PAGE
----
Along the way, he’s continued to check in with himself, measuring his internal drive and desire, and while there have been more than a few moments where he’s wondered if he was simply fooling himself into believing he could still compete at this level, his most recent result shows he absolutely still can.

“In that fight, I was like, ‘I don’t care. I’m throwing caution to the wind,’” he said of his May meeting with Claudio Silva, where he earned a dominant unanimous decision victory to snap a three-fight slide. “I didn’t care that he was an IBJFF world champion and a world-class grappler — I’m a world-class grappler; I just stopped competing in grappling because I pursued a career in the UFC.

LAS VEGAS, NV - DECEMBER 12: (L-R) Court McGee kicks Marcio Alexandre of Brazil in their welterweight bout during the UFC 194 event inside MGM Grand Garden Arena on December 12, 2015 in Las Vegas, Nevada.  (Photo by Josh Hedges/Zuffa LLC/Zuffa LLC via Get
Court McGee kicks Marcio Alexandre of Brazil in their welterweight bout during the UFC 194 event inside MGM Grand Garden Arena on December 12, 2015 in Las Vegas, Nevada. (Photo by Josh Hedges/Zuffa LLC)

“I thought, ‘I’m going to go out and I’m going to let it go,’ and when I got done with that fight, I thought, ‘You need to be a little bit more confident in yourself, throw caution to the wind, and get out there and show them ‘The Crusher.’”

McGee isn’t the first fighter that has struggled at times to flip the switch and tap into his “in-cage persona” in a timelier fashion, and he certainly won’t be the last.

Fellow welterweight Bryan Barberena shared a similar story ahead of his victory over Darian Weeks at the start of December, echoing the challenges of transforming from mild-mannered Bryan to “Bam Bam” as soon as he comes through the curtains leading to the cage.

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“For years I had problems hurting people,” continued McGee, “but it’s like my neighbor across the street said — ‘For 15 minutes, you need to be ‘The Crusher’ and go out there and crush ’em, and after that, you can be the dad, the neighbor, the everyman, the speaker. When you’re in there, you have to have that stage character.’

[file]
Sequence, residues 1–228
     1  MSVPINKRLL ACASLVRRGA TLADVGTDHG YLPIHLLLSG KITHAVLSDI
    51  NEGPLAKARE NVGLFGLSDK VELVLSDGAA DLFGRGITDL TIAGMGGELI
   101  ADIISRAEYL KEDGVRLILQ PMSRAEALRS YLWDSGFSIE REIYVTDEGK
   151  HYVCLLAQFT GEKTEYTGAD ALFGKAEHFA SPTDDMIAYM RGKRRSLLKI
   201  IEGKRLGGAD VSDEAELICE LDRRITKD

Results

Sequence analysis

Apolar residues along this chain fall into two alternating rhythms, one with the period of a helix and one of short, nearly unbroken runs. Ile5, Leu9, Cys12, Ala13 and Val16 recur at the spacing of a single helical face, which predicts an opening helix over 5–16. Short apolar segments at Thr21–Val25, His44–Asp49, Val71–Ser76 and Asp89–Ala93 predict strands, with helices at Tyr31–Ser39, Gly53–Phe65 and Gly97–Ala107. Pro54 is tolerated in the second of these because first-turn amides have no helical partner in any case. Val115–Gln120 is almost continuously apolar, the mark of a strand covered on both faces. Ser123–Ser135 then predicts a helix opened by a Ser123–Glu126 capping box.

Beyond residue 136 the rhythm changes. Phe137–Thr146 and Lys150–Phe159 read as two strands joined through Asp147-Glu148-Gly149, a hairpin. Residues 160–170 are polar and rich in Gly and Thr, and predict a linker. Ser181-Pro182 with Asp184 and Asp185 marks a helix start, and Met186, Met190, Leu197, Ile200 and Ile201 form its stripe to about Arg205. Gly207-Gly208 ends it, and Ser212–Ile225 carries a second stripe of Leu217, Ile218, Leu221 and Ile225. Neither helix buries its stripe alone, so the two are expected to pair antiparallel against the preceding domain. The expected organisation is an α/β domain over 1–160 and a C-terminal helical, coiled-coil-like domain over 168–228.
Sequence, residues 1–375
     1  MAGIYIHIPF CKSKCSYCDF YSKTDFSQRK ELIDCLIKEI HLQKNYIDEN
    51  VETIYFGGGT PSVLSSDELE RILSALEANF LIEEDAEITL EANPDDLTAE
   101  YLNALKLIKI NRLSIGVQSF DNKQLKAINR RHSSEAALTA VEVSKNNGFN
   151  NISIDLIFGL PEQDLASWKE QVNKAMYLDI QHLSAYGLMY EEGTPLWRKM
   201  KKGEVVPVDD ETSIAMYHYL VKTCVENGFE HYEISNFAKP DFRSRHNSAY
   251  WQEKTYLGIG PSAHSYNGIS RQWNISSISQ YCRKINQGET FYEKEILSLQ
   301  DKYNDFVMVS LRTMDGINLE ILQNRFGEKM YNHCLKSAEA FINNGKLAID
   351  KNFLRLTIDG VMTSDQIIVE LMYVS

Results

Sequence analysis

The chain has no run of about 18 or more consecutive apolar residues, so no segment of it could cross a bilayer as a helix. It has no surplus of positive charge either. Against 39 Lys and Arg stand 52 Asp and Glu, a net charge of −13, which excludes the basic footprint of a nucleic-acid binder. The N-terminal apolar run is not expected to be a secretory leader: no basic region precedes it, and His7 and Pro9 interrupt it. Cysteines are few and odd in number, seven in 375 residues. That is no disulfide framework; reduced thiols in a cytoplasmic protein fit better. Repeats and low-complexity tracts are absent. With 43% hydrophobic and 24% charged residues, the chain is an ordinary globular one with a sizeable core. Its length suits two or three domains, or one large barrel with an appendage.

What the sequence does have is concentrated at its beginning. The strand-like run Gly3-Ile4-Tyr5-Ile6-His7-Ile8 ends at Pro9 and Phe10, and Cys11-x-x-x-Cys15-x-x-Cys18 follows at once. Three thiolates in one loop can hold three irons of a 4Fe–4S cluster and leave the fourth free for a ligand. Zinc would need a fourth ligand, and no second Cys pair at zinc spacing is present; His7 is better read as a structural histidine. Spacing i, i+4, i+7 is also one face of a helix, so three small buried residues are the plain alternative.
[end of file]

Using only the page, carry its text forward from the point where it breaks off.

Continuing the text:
“That’s the only thing I thought about going into the cage, and it worked, so I’m not going to change it.”

It may sound strange to some to hear an 18-fight UFC veteran — a guy that has been competing in the promotion for nearly a dozen years and logged nearly 250 minutes of time inside the Octagon — admit to struggling to hurt people or finally now coming to accept that he has to be aggressive and not worry about his opponent’s well-being for the 15 minutes or less they’re locked in the cage together, but it again all goes back to who McGee was in his previous life, and the duty he carries as a person in long-term recovery.

“Do no harm” is one of the foundational elements of recovery programs and separating that out when it comes time to “go to work” can be a difficult thing because caveats and exceptions aren’t generally something you deal with when you’re trying to follow a program to get your life back on track and keep it moving in a positive direction.

But all these years later, McGee is finally coming around to striking that balance — of being “The Crusher” from the moment his music hits and he starts walking out to the Octagon — and he’s reached a point where he knows he’s earned the right to step into the fray and showcase the full extent of his talents.

“I know that I’ve earned the right to be here, and that I’ve earned the right to show how good I am, too,” he said. “A lot of times, I’ve held back and played it safe. Now, the pressure is off, and whatever happens, it’s fine.

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“I feel good about where I’m at. I feel good about stepping in and fighting this guy. I feel confident in my ability to beat him, and beat him anywhere. I’m confident in my game plan, and if anything goes wrong, I’m confident in my ability to correct it.

“What’s the difference between winning and losing?” he asked rhetorically. “Maybe it’s the mental side, because I know it’s not the physical, the toughness, or the ability; it’s the application in the fight. So, for me, I just need to know I’ve got good coaches, I’m training the right stuff, and if I do that and I know that, now I have to turn that switch on and get after it.

“No more waiting.”